The reference was to Mr. Lévy’s passionate stand over decades for oppressed people from countries like Afghanistan, Bosnia and Nigeria, illustrated in his powerful recent book and movie, both called “The Will to See.” Mr. Zemmour quoted a phrase of Rousseau: “Beware of those cosmopolitans who search in their books for duties they disdain at home. Such philosophers love the Tartars in order to be spared having to love their neighbors.”
Mr. Zemmour’s own love of his neighbors is selective. Of France’s estimated six million Muslims, close to 10 percent of the population, he has said they should “be given the choice between Islam and France,” suggested their deportation might not be impossible, claimed they all consider jihadist terrorists to be “good Muslims” and said he would ban all “non-French names,” like Muhammad.
In 2019, in remarks that led to a conviction and a fine from a Paris court for “insult and provocation to hatred,” Mr. Zemmour said that “an Islamization of the street, like the uniforms of an occupying army, reminds the defeated of their submission.” In the 1930s, he added, the most lucid observers “compared Nazism to Islam.” He did not identify those observers.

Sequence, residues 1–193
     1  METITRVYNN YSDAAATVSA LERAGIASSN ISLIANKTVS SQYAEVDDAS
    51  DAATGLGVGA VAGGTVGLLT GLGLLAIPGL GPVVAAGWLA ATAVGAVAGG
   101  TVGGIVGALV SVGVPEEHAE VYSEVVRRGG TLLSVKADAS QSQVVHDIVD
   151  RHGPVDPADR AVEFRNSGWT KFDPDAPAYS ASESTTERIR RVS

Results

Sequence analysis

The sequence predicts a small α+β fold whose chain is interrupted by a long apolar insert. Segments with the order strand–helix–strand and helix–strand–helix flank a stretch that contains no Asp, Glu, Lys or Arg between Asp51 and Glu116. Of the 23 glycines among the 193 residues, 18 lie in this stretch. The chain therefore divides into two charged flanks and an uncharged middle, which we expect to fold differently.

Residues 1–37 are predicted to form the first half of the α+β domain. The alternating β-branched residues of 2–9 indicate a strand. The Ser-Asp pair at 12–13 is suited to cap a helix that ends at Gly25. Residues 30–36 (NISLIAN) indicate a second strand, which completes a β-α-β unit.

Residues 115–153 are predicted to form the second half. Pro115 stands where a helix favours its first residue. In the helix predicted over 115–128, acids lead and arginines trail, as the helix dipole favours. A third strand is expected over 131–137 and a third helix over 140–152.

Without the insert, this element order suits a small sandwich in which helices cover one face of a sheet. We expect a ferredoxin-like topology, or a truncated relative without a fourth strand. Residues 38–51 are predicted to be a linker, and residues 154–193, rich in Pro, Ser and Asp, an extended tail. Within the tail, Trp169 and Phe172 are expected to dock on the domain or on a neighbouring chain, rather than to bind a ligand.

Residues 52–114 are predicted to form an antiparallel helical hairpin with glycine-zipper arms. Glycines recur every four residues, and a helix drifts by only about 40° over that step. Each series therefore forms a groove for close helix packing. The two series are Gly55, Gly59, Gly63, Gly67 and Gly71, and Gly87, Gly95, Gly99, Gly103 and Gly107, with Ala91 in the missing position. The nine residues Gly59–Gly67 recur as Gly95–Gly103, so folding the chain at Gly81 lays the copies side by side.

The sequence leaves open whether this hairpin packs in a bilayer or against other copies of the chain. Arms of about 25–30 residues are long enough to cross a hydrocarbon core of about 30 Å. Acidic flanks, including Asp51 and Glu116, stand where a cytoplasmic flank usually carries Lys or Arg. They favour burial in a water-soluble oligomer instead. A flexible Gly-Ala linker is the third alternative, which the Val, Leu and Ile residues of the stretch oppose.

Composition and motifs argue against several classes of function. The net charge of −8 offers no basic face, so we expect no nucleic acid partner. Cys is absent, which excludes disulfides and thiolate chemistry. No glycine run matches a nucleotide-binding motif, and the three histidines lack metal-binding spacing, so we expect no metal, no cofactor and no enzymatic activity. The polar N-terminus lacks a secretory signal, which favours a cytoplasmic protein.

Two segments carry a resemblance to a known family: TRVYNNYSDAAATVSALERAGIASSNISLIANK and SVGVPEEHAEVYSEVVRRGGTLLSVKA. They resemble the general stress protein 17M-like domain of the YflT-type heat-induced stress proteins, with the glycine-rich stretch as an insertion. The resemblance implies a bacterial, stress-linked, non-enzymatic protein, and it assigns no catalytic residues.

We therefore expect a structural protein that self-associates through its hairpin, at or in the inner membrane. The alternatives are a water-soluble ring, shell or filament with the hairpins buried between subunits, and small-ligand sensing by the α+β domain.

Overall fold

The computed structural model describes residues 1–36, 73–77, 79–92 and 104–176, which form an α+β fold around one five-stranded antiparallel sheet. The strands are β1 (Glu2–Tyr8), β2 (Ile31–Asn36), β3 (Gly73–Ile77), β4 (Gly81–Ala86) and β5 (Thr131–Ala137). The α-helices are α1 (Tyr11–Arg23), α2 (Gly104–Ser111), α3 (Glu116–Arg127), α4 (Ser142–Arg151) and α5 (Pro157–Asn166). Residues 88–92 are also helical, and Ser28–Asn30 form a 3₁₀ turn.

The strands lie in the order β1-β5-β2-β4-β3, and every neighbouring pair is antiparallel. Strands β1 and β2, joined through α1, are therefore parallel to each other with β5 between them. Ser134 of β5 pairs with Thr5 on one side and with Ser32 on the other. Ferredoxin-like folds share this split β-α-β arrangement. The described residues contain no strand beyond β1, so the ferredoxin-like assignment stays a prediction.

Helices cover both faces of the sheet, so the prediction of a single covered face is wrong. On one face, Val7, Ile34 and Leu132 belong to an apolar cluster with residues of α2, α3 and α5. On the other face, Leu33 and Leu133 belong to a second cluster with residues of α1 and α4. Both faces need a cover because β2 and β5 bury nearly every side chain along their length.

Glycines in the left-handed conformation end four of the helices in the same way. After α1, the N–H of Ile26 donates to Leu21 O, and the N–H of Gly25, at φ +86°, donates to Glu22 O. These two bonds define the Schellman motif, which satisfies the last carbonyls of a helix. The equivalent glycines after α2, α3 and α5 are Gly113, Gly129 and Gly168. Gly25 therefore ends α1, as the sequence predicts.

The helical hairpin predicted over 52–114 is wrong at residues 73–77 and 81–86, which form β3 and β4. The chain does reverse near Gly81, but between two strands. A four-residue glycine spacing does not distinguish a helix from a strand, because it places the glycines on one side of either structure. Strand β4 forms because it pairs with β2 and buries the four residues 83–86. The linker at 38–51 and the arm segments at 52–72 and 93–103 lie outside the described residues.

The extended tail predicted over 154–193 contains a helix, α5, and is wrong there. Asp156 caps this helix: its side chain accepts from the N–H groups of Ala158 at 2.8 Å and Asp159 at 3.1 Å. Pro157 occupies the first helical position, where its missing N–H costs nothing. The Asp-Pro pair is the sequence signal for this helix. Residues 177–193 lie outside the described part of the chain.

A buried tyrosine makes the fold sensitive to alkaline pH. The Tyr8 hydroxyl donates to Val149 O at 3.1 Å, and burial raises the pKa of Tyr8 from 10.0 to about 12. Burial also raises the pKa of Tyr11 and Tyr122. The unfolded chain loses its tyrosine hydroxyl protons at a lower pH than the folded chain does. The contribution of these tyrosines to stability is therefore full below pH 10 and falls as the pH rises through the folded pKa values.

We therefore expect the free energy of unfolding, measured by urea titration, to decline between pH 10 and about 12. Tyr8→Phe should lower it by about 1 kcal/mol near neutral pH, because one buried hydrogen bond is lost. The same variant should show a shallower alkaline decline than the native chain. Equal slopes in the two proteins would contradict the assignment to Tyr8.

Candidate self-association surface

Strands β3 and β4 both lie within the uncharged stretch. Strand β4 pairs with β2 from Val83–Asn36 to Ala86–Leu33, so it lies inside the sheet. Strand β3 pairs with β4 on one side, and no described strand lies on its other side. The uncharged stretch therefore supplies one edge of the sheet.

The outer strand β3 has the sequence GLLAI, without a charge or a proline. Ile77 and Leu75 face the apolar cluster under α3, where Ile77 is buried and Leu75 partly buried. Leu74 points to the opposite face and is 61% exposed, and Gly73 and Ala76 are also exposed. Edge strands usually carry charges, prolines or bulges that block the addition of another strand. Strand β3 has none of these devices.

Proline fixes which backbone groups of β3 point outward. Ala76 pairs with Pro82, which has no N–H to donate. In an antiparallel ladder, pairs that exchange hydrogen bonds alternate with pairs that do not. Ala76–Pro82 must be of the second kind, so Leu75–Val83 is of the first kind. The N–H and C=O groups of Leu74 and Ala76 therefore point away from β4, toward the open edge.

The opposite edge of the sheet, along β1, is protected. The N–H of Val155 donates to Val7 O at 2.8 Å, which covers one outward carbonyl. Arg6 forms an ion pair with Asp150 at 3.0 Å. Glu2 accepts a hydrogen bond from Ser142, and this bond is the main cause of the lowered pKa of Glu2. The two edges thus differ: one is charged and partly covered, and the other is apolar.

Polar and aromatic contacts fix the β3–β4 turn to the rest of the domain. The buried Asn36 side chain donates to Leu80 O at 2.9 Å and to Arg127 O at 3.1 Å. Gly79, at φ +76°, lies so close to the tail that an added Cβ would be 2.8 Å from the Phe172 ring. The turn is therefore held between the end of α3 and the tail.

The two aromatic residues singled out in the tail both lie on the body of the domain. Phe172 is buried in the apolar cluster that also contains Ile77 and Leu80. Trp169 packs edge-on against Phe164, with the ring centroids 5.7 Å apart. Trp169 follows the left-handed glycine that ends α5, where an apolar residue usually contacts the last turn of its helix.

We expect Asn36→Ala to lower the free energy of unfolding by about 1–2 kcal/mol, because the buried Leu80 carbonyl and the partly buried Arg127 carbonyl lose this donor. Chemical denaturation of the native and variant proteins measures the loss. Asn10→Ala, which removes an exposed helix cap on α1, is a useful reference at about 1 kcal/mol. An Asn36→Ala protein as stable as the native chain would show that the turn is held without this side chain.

Mr. Zemmour has never denied the Holocaust, which is illegal in France. But his remarks about Vichy are part of a habit of playing light with history.
After decades of equivocation, Jacques Chirac, then the president, acknowledged in 1995 the full extent of Vichy’s collaboration with the Nazis. It included use of the Vel d’Hiv, an indoor cycling stadium in Paris, to detain some 13,000 Jews, including 4,000 children, who were rounded up and deported to Nazi death camps. Some 80 percent of the children were French.
Mr. Zemmour, whose 2014 book “The French Suicide” was a best seller, has also reopened the Dreyfus Affair, saying last year that the innocence of Alfred Dreyfus, the French Jewish army officer falsely accused of treason, “was not evident.”